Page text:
Down to the Galagoli River (then up to the Hill of Vision)
What a relief it was to start feeling healthy again!
On Thursday, the day after my reunion with Simeon (my family’s cook and gardener back in the sixties), I received another visit from Silas Vidolo, my number-one companion in Kaimosi. He stopped by to see how my visit with Simeon had gone, and told me that the next day he’d take me on another walking tour. He also told me that he had inquired about Musa (my family’s first cook), and had learned that Musa had lived for some time in nearby Shamakhokho but had since died. The news of his death, while not surprising, was upsetting.
Hesbourne, whose class I’d spoken to earlier in the week, stopped by to get contact information for me in the States, and he also asked why I hadn’t been attending morning chapel. It hadn’t occurred to me that people would notice my absence! I told him I hadn’t been feeling well, but that I’d be there in the morning.
The rest of the day I spent mostly writing up notes, reading a bit, and putting down some thoughts about my novel.
Some thoughts about my novel
A couple of realizations about my writing had started to bubble up. One was this: my memories of the mission from 45 years ago – both factual and sensory memories – were proving to be quite accurate. Although I was learning some things about the history of Quakers in Kenya that would require some adjustments in what I’d written, to a large extent I felt I’d gotten things pretty right on.
The second realization was that my thoughts were increasingly moving beyond my current novel to ideas for its sequel.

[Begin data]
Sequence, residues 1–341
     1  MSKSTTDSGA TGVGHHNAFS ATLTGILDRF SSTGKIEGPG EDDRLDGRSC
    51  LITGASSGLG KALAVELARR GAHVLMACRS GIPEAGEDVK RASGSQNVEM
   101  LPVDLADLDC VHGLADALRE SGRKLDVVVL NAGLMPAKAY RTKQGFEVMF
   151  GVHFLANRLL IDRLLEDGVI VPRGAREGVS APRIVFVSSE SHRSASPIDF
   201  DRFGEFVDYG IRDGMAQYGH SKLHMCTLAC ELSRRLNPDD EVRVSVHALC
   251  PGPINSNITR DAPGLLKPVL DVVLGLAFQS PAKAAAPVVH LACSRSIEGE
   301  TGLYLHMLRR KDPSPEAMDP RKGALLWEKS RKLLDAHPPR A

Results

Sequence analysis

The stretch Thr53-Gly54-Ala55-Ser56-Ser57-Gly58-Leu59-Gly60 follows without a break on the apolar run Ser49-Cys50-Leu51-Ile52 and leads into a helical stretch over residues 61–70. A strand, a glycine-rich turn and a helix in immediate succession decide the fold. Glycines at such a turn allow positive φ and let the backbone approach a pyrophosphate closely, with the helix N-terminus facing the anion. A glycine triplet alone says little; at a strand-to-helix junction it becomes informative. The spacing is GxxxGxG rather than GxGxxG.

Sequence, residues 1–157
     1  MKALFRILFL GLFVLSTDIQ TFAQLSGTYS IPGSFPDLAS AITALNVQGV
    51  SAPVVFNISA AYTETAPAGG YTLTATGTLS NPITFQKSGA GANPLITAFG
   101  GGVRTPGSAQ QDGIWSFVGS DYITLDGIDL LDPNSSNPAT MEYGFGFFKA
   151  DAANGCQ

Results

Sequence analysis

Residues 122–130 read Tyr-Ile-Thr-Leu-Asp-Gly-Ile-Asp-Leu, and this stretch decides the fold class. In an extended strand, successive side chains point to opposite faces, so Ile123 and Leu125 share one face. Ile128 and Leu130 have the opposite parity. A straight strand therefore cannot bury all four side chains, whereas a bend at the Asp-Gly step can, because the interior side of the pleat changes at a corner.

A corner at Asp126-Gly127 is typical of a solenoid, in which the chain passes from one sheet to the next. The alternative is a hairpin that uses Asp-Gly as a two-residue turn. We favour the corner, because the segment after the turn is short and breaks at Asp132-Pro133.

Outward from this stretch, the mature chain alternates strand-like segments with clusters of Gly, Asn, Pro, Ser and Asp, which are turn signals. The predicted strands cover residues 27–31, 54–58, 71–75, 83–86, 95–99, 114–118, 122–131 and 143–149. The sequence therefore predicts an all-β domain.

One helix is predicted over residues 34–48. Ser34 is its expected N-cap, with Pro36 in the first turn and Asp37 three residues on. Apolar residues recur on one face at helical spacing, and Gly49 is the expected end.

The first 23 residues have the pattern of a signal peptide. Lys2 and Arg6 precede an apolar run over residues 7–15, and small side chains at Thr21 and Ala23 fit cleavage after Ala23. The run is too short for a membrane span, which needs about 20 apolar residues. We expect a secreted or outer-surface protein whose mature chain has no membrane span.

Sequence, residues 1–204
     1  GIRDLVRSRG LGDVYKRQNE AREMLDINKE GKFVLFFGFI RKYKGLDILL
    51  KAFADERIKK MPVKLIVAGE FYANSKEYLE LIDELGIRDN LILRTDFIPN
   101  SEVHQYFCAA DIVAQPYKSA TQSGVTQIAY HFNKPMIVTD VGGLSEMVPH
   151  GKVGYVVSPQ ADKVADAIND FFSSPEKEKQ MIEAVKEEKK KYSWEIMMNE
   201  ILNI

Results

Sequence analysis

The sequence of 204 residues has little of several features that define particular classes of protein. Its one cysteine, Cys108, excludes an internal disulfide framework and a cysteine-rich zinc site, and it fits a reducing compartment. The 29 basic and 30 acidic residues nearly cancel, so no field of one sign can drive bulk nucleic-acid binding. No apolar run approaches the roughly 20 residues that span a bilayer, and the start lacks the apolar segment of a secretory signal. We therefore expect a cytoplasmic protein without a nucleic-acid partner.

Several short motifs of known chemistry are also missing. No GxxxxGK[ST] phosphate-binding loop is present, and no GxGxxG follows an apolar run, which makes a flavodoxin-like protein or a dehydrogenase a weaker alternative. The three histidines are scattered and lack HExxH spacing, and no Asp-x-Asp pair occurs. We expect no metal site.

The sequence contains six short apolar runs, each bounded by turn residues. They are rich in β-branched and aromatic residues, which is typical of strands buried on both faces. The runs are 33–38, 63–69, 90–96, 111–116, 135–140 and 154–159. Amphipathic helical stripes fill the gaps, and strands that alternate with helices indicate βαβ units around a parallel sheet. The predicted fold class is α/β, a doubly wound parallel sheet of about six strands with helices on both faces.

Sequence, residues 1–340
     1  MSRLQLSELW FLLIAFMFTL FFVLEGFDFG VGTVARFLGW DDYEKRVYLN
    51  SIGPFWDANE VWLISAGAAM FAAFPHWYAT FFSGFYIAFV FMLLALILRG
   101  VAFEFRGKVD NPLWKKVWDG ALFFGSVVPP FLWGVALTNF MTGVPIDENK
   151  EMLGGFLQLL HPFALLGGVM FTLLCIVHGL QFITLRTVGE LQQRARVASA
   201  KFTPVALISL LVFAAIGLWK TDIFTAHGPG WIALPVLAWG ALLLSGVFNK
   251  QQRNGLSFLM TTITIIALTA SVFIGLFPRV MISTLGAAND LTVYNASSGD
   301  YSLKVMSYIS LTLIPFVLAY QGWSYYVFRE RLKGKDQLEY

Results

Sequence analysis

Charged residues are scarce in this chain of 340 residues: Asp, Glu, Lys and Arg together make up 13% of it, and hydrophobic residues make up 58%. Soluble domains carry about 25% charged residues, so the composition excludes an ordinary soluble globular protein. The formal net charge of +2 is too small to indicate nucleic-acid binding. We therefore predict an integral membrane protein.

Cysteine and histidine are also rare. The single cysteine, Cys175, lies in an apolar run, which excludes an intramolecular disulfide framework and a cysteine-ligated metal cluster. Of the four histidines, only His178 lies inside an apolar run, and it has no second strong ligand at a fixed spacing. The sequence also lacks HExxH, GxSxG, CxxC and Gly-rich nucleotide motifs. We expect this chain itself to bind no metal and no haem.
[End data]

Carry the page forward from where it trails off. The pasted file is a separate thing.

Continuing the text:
I have long envisioned the story I’m creating as having two grand plot lines: the main character’s childhood in Kenya (the first novel), followed by 40-plus years of wandering in the “wilderness” of the U.S. before eventually returning to Kenya (the second novel).
Now…I need to stress that these novels are NOT about me or my own story. The main character is not based on me. The other characters are not portrayals of real people. The locations, situations, actions, encounters, conflicts, resolutions, are all fabricated. It’s FICTION.
That said, however, the novel’s premise – of a young American boy coming of age in a young African nation – certainly holds echoes of my own childhood experience. And the writing of that novel has inspired ideas for its sequel – an odyssey, in effect, that follows the adult character’s efforts to return to the remembered home of his African childhood.
Again, NOT MY OWN STORY. A work of fiction. Yet I was finding that the deeper I immersed myself in Kenya on this trip – both its modern-day reality and its reality within my memory – the more deeply I felt the pull of a second novel that might draw from this same source. Considering how much the first novel has already demanded of me, I don’t take the idea lightly.
Okay, enough about novels – let’s watch some movies!
Before I left for Kenya, Nancy surprised me with a wonderful present: a little Flip video camera. I won’t bore you with the many two-second bursts of nothingness I shot as I learned to use it.
Instead, I’ll bore you with a couple of long segments I shot while on a walking tour of Kaimosi Road!
On Friday, Silas invited me to join him for another guided stroll. The videos below were a way for me to start getting on tape some of Silas’s memories of Kaimosi Mission from when he and I were boys there. These are the first of a small number of video segments I shot while in Kaimosi.
I’m sure that many of you will find these videos distinctly uninteresting. They are long and so poorly shot that you may get seasick watching them. I’m also confident, however, that at least three people will find them utterly fascinating: my brothers John, Rob, and Erin. They walked this very same road with me 45 years ago, and they continue to walk it with me every day in spirit.
These, then, are for my brothers:
Next: a walking tour up the Hill of Vision